NOVEMBER  4th 2005
You may be interested in this article by the eminent economist David Henderson, on how to challenge the IPCC monopoly of information on the climate. While he has been mainly concerned with how they play fast and loose with economics, his comments apply even more to their violation of basic facts on  physical, chemical and mathematical sciences.

By David Henderson (1)


A new approach

A recently-published report from the House of Lords Select Committee on Economic Affairs marks, or could mark, a new phase in the debate on issues of climate change (2). In this note I review some possibilities for action which the report could help to open up.

There are two spheres of action, official and unofficial, and I make suggestions for both. Under both headings, there are two related objectives, one critical and the other constructive.

Objective No 1 is to present a more effective challenge to the Intergovernmental Panel on Climate Change (IPCC). The actions that I propose would bring under closer and more systematic critical scrutiny:

· first, the Panel's forthcoming Fourth Assessment Report (AR4), due to appear in 2007;
· second, the process through which the Report is being drafted and given final published shape; and
· third, the claims of the Panel to authoritative and objective status.

Objective No 2 is to provide a sounder basis than now exists for reviewing, debating and assessing issues relating to climate change. A process is needed - for treating the issues, preparing reports and advising governments - which is more objective, more representative and more balanced than that which the IPCC has built up and shown itself unwilling to change.

First, a word on the IPCC and the reasons why a more effective challenge to it would serve the public interest.

The IPCC: its role, status and claims

The IPCC came into being in 1988 as the joint subsidiary of two international agencies, the World Meteorological Organisation (WMO) and the United Nations Environmental Programme (UNEP). Its clients, and its governing body, are the member governments of these two agencies - that is, effectively, the members of the United Nations (UN).  What I call its directing circle comprises senior government officials, chiefly from environment departments, the heads and senior staff of its twin parent agencies, and some past and all present members of its Bureau. The Bureau comprises 30 experts drawn from different countries and disciplines, appointed by governments to act as a management body.

Since its establishment, the IPCC has come a long way: its achievement has been truly remarkable. It has successfully completed and published three massive and agreed reports, covering the whole range of issues relating to climate change. In producing these reports, it has brought together teams comprising over 2,000 specialists across the world and put in place ordered procedures for directing their work: it has thus created both an effectively-functioning process and an extensive professional milieu. It has secured for its reports and their conclusions the endorsement of its many and diverse member governments; and in consequence, it has informed the thinking of those governments and prompted decisions by them. Its many participants and outside supporters can argue that it has created a world-wide scientific consensus, based on an informed and objective professional assessment, which provides a sound basis for policy.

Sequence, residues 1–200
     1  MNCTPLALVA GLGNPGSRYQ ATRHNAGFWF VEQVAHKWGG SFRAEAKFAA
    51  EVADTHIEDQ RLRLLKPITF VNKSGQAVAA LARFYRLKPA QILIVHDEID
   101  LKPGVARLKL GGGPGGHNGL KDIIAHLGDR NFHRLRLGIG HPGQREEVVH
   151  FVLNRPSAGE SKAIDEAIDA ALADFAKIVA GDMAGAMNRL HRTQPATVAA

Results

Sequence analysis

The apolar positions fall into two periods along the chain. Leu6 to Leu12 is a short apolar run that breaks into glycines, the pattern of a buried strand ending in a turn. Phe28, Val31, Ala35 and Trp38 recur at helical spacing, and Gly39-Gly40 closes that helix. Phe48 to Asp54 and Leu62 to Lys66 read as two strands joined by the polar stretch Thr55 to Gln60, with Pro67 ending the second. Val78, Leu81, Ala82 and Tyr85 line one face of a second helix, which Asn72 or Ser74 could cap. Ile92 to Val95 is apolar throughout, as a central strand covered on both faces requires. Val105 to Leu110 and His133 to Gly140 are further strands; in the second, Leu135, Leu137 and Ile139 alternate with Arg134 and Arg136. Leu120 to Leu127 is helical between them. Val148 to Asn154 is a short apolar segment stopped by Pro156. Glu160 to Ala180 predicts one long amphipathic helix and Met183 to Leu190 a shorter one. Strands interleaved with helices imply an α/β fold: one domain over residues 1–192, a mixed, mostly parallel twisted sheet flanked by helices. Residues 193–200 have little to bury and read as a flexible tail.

Last, and especially to be noted, the IPCC has established itself, in the eyes of its member governments, as their sole authoritative source of information, evidence, analysis, interpretation and advice on the whole range of issues relating to climate change. It has acquired a monopoly position. 

Despite its achievements, and indeed in part because of them, there are good reasons to query the claims to authority and representative status that are made by and on behalf of the IPCC, and hence to question also the monopoly that it now holds.

To begin with, the idea of creating a single would-be authoritative fount of wisdom is itself open to doubt. Even if the IPCC process were indisputably and consistently rigorous, objective and professionally watertight, it could well be unwise for governments to place exclusive reliance, in matters of great complexity where huge uncertainties prevail, on a single source of analysis and advice and a single process of inquiry. Viewed in this light, the very notion of setting consensus as an aim appears as questionable if not ill-judged.

In any case, the ideal conditions have not been realised. The IPCC process is far from being a model of rigour, inclusiveness and objectivity. In particular:

· Aspects of the Panel's work have been shown to be dubious or at fault. These include,
but are not confined to, its treatment of economic issues (3).
· The response of the Panel's directing circle and milieu to informed criticism has
  typically been inadequate or dismissive (4).
· Despite the numbers involved, the IPCC milieu is not professionally representative.
· Both the directing circle and the milieu more generally are characterised by an endemic
  bias, towards alarmist assessments and radical 'solutions'. This bias goes back to
the earliest days of the IPCC: it reflects the views and presumptions of the Panel's
  sponsoring departments and agencies.

Evidence under these headings was submitted to the House of Lords Select Committee.

Up to now, the various doubts and criticisms that have been voiced about its work have not undermined the IPCC's authority, which chiefly depends on the view of it taken by its member governments. The role and status of the Panel, as also the process and milieu which it has brought into being, have not been subject to serious question or challenge except by outsiders holding no official position and carrying little or no weight in government circles.